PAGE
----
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Human capital, aggregate shocks and panel data estimation

Author

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  • Altug, S.

    (Tilburg University, Center For Economic Research)

  • Miller, R.A.

Abstract

This paper analyses how the wage and employment decisions of females are affected by past workforce participation and hours supplied. Our estimation methods exploit the fact that, when markets are complete, the Lagrange multiplier for an agent’s lifetime budget constraint always enters multiplicatively with the prices of (contingent claims to) consumption and leisure. Depending on the properties of the equilibrium price process, it is thus possible to predict the behavior of a wealthy agent by observing that of a poorer person living in a more prosperous world. This provides the key to estimating, nonparametrically, the expectations that enter the calculus of equilibrium decisionmaking, and ultimately the structural parameters which characterize preferences.
(This abstract was borrowed from another version of this item.)
(This abstract was borrowed from another version of this item.)

Suggested Citation

  • Altug, S. & Miller, R.A., 1991. "Human capital, aggregate shocks and panel data estimation," Discussion Paper 1991-28, Tilburg University, Center for Economic Research.
  • Handle: RePEc:tiu:tiucen:f163acc4-d0b4-4211-8a0e-203fd94f8c74
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    References listed on IDEAS

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    1. Mincer, Jacob & Polachek, Solomon, 1974. "Family Investment in Human Capital: Earnings of Women," Journal of Political Economy, University of Chicago Press, vol. 82(2), pages 76-108, Part II, .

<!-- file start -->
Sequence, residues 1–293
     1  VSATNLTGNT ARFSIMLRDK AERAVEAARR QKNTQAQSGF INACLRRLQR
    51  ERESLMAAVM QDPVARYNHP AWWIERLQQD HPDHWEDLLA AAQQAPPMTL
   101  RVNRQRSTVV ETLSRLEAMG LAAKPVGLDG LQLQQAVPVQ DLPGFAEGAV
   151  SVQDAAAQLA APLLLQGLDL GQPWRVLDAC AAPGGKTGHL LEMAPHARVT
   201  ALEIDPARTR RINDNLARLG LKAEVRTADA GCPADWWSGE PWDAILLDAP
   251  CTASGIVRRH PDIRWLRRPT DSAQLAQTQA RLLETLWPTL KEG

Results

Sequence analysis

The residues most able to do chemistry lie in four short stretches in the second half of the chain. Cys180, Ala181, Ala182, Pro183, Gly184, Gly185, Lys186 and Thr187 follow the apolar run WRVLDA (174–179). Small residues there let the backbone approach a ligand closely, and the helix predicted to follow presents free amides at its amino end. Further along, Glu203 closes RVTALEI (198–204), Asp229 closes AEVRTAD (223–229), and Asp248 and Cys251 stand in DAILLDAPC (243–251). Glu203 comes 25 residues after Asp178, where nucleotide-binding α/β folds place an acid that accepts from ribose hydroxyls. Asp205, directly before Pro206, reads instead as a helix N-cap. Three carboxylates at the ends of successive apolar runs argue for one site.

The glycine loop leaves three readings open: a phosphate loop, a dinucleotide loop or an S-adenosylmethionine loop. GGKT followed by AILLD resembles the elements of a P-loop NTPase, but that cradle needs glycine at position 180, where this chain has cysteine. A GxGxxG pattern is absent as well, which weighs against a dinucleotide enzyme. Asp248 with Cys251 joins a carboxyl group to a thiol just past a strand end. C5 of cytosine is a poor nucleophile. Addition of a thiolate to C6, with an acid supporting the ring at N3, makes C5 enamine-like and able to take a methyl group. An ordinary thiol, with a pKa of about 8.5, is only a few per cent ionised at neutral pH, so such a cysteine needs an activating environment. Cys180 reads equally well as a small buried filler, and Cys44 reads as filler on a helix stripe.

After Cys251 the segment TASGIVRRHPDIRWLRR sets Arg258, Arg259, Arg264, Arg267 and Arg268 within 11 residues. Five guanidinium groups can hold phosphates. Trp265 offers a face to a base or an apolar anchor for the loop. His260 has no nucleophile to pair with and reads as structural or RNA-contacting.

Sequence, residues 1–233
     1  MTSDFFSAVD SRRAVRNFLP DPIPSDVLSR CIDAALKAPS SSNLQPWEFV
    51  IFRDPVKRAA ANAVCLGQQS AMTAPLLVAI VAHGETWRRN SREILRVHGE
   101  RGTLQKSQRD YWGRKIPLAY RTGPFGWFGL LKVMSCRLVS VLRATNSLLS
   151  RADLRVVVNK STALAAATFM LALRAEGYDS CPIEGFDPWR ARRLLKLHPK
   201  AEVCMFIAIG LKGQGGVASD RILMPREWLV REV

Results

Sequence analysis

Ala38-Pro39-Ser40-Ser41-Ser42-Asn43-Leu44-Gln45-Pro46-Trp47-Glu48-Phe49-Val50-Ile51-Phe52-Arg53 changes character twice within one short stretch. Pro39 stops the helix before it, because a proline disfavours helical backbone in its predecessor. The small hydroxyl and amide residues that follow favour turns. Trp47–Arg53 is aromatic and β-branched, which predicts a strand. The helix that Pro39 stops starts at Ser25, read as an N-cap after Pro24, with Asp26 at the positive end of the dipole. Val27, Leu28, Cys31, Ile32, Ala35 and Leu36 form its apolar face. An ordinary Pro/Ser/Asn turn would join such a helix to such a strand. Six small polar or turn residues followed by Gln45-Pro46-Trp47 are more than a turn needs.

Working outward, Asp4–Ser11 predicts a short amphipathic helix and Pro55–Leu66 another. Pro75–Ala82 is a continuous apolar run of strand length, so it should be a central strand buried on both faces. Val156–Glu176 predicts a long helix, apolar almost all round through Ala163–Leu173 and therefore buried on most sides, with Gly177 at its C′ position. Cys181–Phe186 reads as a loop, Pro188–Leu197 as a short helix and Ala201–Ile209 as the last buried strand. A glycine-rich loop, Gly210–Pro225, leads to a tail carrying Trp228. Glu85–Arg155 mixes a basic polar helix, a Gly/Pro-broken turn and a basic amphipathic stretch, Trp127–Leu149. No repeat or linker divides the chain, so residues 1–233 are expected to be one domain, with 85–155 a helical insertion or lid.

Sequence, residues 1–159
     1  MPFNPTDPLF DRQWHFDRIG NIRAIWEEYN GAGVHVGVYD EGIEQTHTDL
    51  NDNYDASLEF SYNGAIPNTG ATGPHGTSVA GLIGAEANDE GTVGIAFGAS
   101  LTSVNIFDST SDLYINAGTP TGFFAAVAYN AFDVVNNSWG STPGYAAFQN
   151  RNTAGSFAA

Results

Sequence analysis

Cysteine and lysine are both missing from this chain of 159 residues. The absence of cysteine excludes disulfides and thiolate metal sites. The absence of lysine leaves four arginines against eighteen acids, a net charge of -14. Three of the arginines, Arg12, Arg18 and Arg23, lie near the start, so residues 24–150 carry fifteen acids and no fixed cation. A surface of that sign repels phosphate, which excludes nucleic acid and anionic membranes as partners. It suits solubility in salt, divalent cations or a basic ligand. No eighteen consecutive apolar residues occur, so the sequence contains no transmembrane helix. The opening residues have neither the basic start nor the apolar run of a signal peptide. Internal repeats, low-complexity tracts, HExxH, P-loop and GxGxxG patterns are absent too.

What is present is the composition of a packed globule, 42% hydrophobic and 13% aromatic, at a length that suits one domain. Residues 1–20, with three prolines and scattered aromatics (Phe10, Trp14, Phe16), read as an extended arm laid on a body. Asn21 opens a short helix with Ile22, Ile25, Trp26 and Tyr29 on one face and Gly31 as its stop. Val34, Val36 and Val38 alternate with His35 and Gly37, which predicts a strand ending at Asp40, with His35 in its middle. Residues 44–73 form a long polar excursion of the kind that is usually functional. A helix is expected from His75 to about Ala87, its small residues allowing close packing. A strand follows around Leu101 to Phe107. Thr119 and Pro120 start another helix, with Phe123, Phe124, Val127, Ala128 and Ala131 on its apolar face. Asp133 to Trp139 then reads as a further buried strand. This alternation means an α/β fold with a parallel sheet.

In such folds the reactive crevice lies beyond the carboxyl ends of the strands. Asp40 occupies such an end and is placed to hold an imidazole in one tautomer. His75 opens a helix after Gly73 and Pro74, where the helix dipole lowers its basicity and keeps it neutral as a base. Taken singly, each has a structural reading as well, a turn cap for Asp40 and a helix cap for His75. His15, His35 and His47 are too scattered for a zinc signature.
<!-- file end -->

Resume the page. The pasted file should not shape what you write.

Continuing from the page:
2. Mary Corcoran & Greg J. Duncan, 1979. "Work History, Labor Force Attachment, and Earnings Differences between the Races and Sexes," Journal of Human Resources, University of Wisconsin Press, vol. 14(1), pages 3-20.
    3. Miller, Robert A, 1984. "Job Matching and Occupational Choice," Journal of Political Economy, University of Chicago Press, vol. 92(6), pages 1086-1120, December.
    4. Polachek, Solomon William, 1981. "Occupational Self-Selection: A Human Capital Approach to Sex Differences in Occupational Structure," The Review of Economics and Statistics, MIT Press, vol. 63(1), pages 60-69, February.
    5. Hansen, Lars Peter & Singleton, Kenneth J, 1982. "Generalized Instrumental Variables Estimation of Nonlinear Rational Expectations Models," Econometrica, Econometric Society, vol. 50(5), pages 1269-1286, September.
    6. Chamberlain, Gary, 1982. "Multivariate regression models for panel data," Journal of Econometrics, Elsevier, vol. 18(1), pages 5-46, January.
    7. Novales, Alfonso, 1990. "Solving Nonlinear Rational Expectations Models: A Stochastic Equilibrium Model of Interest Rates," Econometrica, Econometric Society, vol. 58(1), pages 93-111, January.
    8. Shaw, Kathryn L, 1989. "Life-Cycle Labor Supply with Human Capital Accumulation," International Economic Review, Department of Economics, University of Pennsylvania and Osaka University Institute of Social and Economic Research Association, vol. 30(2), pages 431-456, May.
    9. Lucas, Robert E, Jr, 1978. "Asset Prices in an Exchange Economy," Econometrica, Econometric Society, vol. 46(6), pages 1429-1445, November.
    10. Polachek, Solomon William, 1975. "Differences in Expected Post-school Investments as a Determinant of Market Wage Differentials," International Economic Review, Department of Economics, University of Pennsylvania and Osaka University Institute of Social and Economic Research Association, vol. 16(2), pages 451-470, June.
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    Cited by:

    1. Hardle, Wolfgang & Linton, Oliver, 1986. "Applied nonparametric methods," Handbook of Econometrics,in: R. F. Engle & D. McFadden (ed.), Handbook of Econometrics, edition 1, volume 4, chapter 38, pages 2295-2339 Elsevier.

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